A radio journalist, Wan Yiu-sing, was arrested on Saturday, Nov. 21,  with his wife by the Chinese Communist Party (CCP) police, who used the controversial National Security Law to arrest him in Hong Kong. The journalist was accused of leading a fundraising campaign to finance the studies of young pro-democracy Hong Kongers in Taiwan. The CCP, using the new law, considers any action taken that aims to promote any kind of movement critical of the regime to be treason.

Wan Yiu-sing, known as “Giggs,” who hosts some programs on the D100 Internet radio channel, was recently arrested with his wife at their home in Hong Kong, his lawyer told the South China Morning Post (SCMP). He also said Wan was a new victim of the security law, accused of planning to “finance protesters” and for “inciting and financing secessionist activities.”

Wan’s radio program, also broadcast on Youtube, is called “A Thousand Fathers and Mothers: Taiwan’s Education Assistance Program,” and was launched in February 2020 to discuss issues in support of the anti-government and pro-democracy movement that Hong Kong citizens have been engaged in over the past year and beyond. 

During the program, listeners were also asked to donate funds online to help with the education and living expenses of young people, mainly those fleeing to Taiwan.

According to SCMP, Police Commissioner Chris Tang Ping-keung in charge of the operation said, “We cannot reveal too many details for now, as an investigation is under way. But as the relevant laws have been clearly defined, do not break the law if you do not want to get arrested by police.”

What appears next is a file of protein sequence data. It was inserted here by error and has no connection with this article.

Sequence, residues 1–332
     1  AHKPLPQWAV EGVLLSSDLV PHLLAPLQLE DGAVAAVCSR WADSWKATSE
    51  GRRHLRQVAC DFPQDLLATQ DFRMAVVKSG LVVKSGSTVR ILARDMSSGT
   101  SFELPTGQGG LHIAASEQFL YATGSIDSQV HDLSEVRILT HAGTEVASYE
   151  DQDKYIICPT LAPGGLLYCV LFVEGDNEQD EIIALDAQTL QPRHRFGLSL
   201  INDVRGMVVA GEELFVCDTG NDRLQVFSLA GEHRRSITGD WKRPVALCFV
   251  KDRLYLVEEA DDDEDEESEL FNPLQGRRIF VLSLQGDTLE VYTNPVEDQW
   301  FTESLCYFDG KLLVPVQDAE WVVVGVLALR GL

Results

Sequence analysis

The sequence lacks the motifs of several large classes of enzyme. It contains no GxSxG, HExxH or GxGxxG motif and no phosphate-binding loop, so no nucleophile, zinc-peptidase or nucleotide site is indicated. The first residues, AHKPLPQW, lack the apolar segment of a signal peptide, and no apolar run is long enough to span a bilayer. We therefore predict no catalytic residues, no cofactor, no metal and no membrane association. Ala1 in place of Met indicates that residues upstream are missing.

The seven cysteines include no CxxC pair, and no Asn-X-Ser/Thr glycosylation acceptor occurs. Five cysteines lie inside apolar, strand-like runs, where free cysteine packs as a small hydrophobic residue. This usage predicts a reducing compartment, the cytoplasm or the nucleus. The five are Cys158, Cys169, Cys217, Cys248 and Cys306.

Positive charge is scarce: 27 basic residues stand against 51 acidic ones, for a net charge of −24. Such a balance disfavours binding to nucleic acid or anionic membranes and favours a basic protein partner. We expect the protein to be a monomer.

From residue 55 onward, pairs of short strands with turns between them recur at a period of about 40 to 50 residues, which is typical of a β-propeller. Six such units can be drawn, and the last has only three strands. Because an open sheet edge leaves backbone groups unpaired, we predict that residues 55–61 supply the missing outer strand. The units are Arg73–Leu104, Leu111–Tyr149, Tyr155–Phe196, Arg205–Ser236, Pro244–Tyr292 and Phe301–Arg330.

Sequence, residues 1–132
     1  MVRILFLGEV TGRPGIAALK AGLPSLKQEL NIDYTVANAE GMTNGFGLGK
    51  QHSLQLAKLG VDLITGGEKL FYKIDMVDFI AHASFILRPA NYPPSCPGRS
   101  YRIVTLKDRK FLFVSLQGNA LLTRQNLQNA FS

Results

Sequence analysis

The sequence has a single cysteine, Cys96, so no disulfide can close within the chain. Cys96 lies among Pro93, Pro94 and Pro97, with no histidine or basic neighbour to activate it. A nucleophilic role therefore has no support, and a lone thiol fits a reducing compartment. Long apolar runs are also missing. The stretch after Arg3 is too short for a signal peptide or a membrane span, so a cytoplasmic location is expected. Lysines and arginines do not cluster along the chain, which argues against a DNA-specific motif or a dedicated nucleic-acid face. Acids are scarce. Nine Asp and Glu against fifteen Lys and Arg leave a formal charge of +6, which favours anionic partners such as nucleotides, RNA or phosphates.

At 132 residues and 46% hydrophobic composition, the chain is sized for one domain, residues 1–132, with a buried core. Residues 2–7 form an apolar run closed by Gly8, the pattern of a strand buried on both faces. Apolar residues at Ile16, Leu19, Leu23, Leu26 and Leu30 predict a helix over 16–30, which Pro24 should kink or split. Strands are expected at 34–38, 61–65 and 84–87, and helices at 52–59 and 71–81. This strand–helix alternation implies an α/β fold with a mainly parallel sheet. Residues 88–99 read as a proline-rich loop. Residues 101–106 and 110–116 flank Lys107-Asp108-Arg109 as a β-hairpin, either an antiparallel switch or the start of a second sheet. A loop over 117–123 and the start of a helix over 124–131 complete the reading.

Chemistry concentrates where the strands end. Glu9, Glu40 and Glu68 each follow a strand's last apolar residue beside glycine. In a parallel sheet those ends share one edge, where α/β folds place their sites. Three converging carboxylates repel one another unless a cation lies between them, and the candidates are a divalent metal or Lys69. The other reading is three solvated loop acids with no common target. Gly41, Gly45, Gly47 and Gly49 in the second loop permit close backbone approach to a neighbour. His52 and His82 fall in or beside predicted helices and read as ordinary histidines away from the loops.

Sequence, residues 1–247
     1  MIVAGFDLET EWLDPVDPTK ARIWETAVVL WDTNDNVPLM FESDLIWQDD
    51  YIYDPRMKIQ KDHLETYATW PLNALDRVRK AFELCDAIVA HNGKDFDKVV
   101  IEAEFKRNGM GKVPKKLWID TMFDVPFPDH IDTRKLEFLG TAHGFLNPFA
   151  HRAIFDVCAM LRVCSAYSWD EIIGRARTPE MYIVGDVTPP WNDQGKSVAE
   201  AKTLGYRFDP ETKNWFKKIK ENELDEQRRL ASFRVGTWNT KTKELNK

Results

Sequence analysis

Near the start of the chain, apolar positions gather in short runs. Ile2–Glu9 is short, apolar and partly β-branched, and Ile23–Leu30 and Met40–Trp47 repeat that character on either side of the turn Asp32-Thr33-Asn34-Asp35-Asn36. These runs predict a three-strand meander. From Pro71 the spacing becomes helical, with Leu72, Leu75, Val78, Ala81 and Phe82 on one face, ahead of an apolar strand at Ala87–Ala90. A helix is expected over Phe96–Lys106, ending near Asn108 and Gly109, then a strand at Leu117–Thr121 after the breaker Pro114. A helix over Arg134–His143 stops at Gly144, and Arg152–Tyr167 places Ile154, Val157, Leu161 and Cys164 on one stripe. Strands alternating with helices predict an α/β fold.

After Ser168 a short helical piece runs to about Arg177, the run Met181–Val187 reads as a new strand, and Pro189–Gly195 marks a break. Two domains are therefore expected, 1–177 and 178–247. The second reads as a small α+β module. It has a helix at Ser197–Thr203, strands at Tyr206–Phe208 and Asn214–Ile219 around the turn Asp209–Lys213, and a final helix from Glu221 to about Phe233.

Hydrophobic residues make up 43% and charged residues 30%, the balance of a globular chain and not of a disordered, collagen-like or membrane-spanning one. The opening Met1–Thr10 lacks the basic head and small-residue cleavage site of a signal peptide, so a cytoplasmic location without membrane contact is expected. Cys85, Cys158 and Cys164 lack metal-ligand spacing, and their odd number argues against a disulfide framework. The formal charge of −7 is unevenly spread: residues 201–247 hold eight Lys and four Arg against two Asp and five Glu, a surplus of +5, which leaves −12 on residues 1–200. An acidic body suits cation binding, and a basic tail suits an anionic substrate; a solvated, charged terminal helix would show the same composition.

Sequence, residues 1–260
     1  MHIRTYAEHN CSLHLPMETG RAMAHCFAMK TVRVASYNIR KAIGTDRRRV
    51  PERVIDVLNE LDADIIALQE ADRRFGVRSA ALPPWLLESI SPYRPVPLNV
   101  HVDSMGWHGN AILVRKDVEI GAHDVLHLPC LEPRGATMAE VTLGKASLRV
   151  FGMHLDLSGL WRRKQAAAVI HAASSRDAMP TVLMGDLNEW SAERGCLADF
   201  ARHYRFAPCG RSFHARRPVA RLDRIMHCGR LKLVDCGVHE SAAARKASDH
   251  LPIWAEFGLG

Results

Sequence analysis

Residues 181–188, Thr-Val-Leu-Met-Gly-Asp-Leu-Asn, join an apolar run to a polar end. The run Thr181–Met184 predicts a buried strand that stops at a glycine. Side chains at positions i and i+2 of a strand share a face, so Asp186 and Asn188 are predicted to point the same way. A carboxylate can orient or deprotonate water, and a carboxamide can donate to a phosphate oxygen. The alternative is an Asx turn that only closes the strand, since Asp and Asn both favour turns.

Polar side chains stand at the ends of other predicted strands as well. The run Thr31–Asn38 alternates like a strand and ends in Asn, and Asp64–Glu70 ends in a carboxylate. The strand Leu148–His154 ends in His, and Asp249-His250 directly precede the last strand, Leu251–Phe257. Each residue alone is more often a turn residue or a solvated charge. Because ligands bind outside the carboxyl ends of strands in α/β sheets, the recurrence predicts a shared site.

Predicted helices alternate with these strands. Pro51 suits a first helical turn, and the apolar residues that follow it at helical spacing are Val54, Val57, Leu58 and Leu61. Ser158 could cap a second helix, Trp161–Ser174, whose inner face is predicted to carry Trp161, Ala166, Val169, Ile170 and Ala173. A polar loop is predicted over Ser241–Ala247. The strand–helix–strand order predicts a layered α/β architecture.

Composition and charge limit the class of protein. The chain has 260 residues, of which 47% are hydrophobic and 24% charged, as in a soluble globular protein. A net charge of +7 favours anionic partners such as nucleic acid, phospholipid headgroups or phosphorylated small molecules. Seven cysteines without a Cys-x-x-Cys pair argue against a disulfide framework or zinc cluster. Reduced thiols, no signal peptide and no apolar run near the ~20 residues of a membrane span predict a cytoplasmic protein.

The national security law, imposed in Hong Kong on June 30 by the CCP, says it aims to prevent, stop, and punish secession, subversion of state power, terrorism, and foreign interference. 

However, international critics argue that the law also severely limits freedom of expression in Hong Kong, allowing authorities to apprehend Hong Kong suspects and try them in mainland China where complaints about the lack of minimum rights of expression abound. 

In addition, the controversial law provides for the creation of a kind of secret police, acting directly under the orders of the CCP, placing the territory under the same authoritarian rules of mainland China.

Article 29  of the law specifically allows the prosecution of any person “who provokes hatred by illegal means among Hong Kong residents” toward the CCP or Hong Kong. 

The Trump administration has pointed out and has taken concrete steps against the CCP, warning that the new security law does not uphold human rights or democracy in Hong Kong.

In early October, 39 U.N. member countries, including the United States, expressed “grave concern” about the Chinese Communist Party human rights violations, mainly in Xinjiang and Hong Kong.

“We are gravely concerned about the human rights situation in Xinjiang and recent developments in Hong Kong,” German Ambassador Christoph Heusgen said on Oct. 6 on behalf of 39 countries at the general debate of the Third Committee.

He concluded the statement by saying, “We also call on China to uphold autonomy, rights and freedoms in Hong Kong, and to respect the independence of the Hong Kong judiciary.”

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